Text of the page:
Beneficiaries of the 2016/2017 Farm Inputs Subsidy Programme (Fisp) say high prices are forcing them to sell their coupons as they lack money to redeem inputs, a Farmers Union of Malawi study has revealed.
According to the Farmers Union of Malawi (FUM) Fisp Monitoring Report Number 3 based on a study conducted between December 13 2016 and January 5 2017, there is on the market a high presence of vendors and other non-beneficiaries who are buying Fisp fertiliser in bulk in 27 districts across the country except Likoma.
In addition, the report says the supply of fertilisers to markets has been problematic, with suppliers stocking smaller quantities which do not take time to finish while resupply takes longer. This has resulted in NPK fertiliser not being available in most parts of the country.
“Presence of vendors in markets showed an organised syndicate with market clerks in tow where vendors could buy coupons and exchange them for money [cases in Bwengu, Mzimba, Phalombe, Zalewa, Ntchisi] or buying fertilisers in bulk, including night sales [Ntchisi, Khombedza in Salima, Nkhata Bay, Phalula in Balaka, Mayani in Dedza].
“Farmers have complained of such changes and the fact that they are being asked to provide extra tips to buy the fertilisers. This is making farmers fail to buy inputs and some have resorted to selling coupons altogether. The unit markets observed huge turnout of vendors who also queued and blocked coupon farmers, forcing them to pay bribes in order to buy fertilisers, with the range being K500-K 4 000,” reads the report.
The report also says out of the 29 companies that signed sales agreements with government in 15 districts and 30 extension planning area (EPAs), only 13 opened markets, representing 45 percent.
Reads the report: “In Nsanje District where Admarc [Agricultural Development and Marketing Corporation] is the sole supplier of fertilisers, there has never [been] NPK stocks up to 5th January 2017 and counting. In fact, RTM officials were open enough to indicate that consignment for companies for NPK is stuck in Beira. Farmers [are] travelling long distances in search of inputs and that most depots in January 2017 have stock outs, meaning that farmers are trekking to main trading centres and mostly to bomas to buy fertilisers.”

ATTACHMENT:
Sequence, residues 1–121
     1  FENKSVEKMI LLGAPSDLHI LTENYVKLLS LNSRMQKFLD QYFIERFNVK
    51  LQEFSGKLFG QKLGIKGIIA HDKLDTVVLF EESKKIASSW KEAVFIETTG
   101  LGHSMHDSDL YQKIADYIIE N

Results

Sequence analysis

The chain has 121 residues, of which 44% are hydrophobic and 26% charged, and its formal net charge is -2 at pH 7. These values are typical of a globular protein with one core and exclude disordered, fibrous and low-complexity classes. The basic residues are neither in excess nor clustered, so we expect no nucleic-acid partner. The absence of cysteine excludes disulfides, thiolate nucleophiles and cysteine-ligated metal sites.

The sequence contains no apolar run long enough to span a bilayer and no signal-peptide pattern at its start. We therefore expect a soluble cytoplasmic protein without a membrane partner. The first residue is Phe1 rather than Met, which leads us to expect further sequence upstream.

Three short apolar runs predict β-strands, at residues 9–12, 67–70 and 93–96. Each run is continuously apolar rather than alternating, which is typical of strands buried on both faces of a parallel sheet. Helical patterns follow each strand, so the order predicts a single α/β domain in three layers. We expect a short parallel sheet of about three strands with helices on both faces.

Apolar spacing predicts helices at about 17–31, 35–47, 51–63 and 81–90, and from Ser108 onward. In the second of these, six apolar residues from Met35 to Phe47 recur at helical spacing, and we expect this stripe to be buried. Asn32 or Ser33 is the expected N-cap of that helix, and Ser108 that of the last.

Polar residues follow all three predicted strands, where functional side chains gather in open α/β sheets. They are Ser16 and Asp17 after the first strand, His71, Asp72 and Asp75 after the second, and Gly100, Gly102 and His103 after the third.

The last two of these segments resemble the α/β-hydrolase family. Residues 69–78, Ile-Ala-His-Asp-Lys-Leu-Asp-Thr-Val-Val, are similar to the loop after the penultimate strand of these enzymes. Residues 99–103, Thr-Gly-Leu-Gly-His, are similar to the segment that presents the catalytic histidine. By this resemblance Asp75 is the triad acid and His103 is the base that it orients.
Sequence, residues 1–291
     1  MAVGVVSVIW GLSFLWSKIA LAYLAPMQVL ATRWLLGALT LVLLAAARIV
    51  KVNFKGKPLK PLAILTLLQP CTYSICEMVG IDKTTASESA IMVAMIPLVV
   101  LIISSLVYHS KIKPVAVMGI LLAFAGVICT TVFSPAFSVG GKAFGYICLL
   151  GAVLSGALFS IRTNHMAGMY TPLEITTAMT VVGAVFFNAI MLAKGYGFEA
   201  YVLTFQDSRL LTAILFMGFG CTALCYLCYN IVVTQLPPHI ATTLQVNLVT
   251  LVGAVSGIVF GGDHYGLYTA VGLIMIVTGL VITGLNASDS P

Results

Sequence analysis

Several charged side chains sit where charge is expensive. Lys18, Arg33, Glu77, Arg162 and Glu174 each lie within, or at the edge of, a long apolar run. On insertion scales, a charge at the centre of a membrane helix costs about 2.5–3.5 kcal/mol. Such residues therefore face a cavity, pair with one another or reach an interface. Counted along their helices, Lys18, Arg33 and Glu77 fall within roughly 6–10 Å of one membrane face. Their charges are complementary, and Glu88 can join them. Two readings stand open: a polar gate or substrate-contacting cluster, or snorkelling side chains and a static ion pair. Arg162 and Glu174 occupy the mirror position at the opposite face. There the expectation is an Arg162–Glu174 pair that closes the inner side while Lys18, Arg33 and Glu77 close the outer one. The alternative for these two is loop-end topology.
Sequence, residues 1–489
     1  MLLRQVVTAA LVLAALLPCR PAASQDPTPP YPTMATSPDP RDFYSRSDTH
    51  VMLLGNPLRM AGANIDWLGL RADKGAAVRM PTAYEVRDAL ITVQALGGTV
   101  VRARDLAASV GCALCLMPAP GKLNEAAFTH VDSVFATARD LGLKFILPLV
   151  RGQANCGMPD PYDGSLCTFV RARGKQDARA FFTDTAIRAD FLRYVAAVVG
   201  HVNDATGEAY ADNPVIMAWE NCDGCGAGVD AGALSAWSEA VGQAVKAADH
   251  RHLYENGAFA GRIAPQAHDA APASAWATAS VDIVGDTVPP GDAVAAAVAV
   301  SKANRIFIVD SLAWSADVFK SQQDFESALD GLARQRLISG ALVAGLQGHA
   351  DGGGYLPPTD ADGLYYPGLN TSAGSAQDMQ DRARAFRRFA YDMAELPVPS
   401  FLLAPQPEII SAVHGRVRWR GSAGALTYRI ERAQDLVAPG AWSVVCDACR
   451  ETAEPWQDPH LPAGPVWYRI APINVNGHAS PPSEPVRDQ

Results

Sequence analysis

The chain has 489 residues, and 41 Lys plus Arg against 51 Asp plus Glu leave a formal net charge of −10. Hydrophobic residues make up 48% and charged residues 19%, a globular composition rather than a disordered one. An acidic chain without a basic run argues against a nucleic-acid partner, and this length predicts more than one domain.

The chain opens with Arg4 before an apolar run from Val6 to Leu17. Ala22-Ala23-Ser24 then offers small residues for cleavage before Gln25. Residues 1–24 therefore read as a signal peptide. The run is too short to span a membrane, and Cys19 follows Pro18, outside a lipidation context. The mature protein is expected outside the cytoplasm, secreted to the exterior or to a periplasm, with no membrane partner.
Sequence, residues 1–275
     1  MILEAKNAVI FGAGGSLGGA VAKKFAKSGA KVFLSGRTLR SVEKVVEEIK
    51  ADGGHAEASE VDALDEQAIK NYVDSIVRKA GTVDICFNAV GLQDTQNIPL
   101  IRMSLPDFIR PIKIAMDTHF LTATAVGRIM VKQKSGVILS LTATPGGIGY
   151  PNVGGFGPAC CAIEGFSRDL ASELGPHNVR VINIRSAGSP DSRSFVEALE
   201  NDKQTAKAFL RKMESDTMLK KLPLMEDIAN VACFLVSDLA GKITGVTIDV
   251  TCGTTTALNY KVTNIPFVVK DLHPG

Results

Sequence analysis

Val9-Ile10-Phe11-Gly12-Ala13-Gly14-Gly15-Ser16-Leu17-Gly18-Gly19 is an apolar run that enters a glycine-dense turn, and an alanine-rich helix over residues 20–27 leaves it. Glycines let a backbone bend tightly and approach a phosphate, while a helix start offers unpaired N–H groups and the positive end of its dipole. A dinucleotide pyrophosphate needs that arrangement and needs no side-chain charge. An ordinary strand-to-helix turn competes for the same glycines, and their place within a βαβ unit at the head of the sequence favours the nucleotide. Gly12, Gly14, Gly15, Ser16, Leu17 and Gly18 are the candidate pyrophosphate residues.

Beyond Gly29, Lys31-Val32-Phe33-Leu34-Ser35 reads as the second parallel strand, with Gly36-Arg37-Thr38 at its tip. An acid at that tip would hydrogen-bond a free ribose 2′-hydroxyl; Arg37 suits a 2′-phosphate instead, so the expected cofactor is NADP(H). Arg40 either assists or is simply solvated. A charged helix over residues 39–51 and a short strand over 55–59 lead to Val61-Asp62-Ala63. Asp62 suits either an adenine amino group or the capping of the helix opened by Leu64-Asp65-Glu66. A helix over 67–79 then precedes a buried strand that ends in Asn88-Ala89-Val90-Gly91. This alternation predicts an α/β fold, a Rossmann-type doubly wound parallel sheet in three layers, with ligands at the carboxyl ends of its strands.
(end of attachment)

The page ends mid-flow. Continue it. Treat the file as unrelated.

The report further says some farmers in Mbalachanda were buying fertiliser from Zambia at K15 000 per 50kg bag, with reports in Salima and Ntchisi of fertiliser bags being sold underweight, mostly weighing 45kg.
Commenting on the issue, Civil Society Agriculture Network (CisaNet) national director Tamani Nkhono-Mvula expressed disappointment over the conduct of private firms involved in the exercise.
“Firstly, let me say that it is very disappointing to [note] what some private sector players are doing in this year’s Fisp programme. As CisaNet, we were one of the organisations that advocated for increased participation of the private sector in the Fisp for increased efficiency of the programme.
“However it is disturbing that the same private [firms] are the ones messing up the programme. We have heard that some of them are not supplying fertiliser or undersupplying. For instance, they may have a consignment of supplying 1000 metric tonnes, but only supply maybe 600 tonnes…It is this attitude that is taking this country backwards, increasing poverty and inequality,” he said.
Nkhono-Mvula observed that the implication on production are obvious, saying that if people have not applied fertiliser, production will be low and the vicious cycle of hunger, poverty, malnutrition and inequality will never be broken.
“People are selling coupons out of frustration because the commodity is not there and it is mostly this so-called private sector that is frustrating the programme,” he said.
In an interview, Parliamentary Committee on Agriculture chairperson Joseph Chidanti Malunga described the events as unfortunate, saying they will affect production.
However he said his committee is already aware of the hiccups and that they will involve the ministry to resolve the issues.
“Some of our members already visited some sites in the Central Region where most of these reports were already confirmed, and it is sad really,” he said.
This year’s programme is 60 percent being run by private sector and government has pumped in K35 billion targeting 900 000 beneficiaries.
Deputy Fisp coordinator in the Ministry of Agriculture, Irrigation and Water Development Osbourne Tsoka said the ministry is aware of some of the issues raised in the report. He said they are working tirelessly to resolve the issues.
“We are moving as quickly as possible. In fact, last week we had a meeting with suppliers and they have promised to supply fertiliser. They have at least 30 000 metric tonnes. We are hopeful this will not affect production,” he said.
In an interview some of the suppliers, who spoke on condition of anonymity, said the delay in processing payments has affected delivery of fertiliser.
“Government owes us over K11 billion and nothing has been paid. We need money to bring more fertiliser and because of these hitches the supply has been somewhat slow,” said one supplier.
But Tsoka said some of the problems were a result of some suppliers having fertiliser for Fisp as well as for commercial purposes.
“So what happened was that most fertiliser was exhausted for commercial purposes and that they had no fertiliser in stock. In addition government will this week pay the suppliers,” he said. n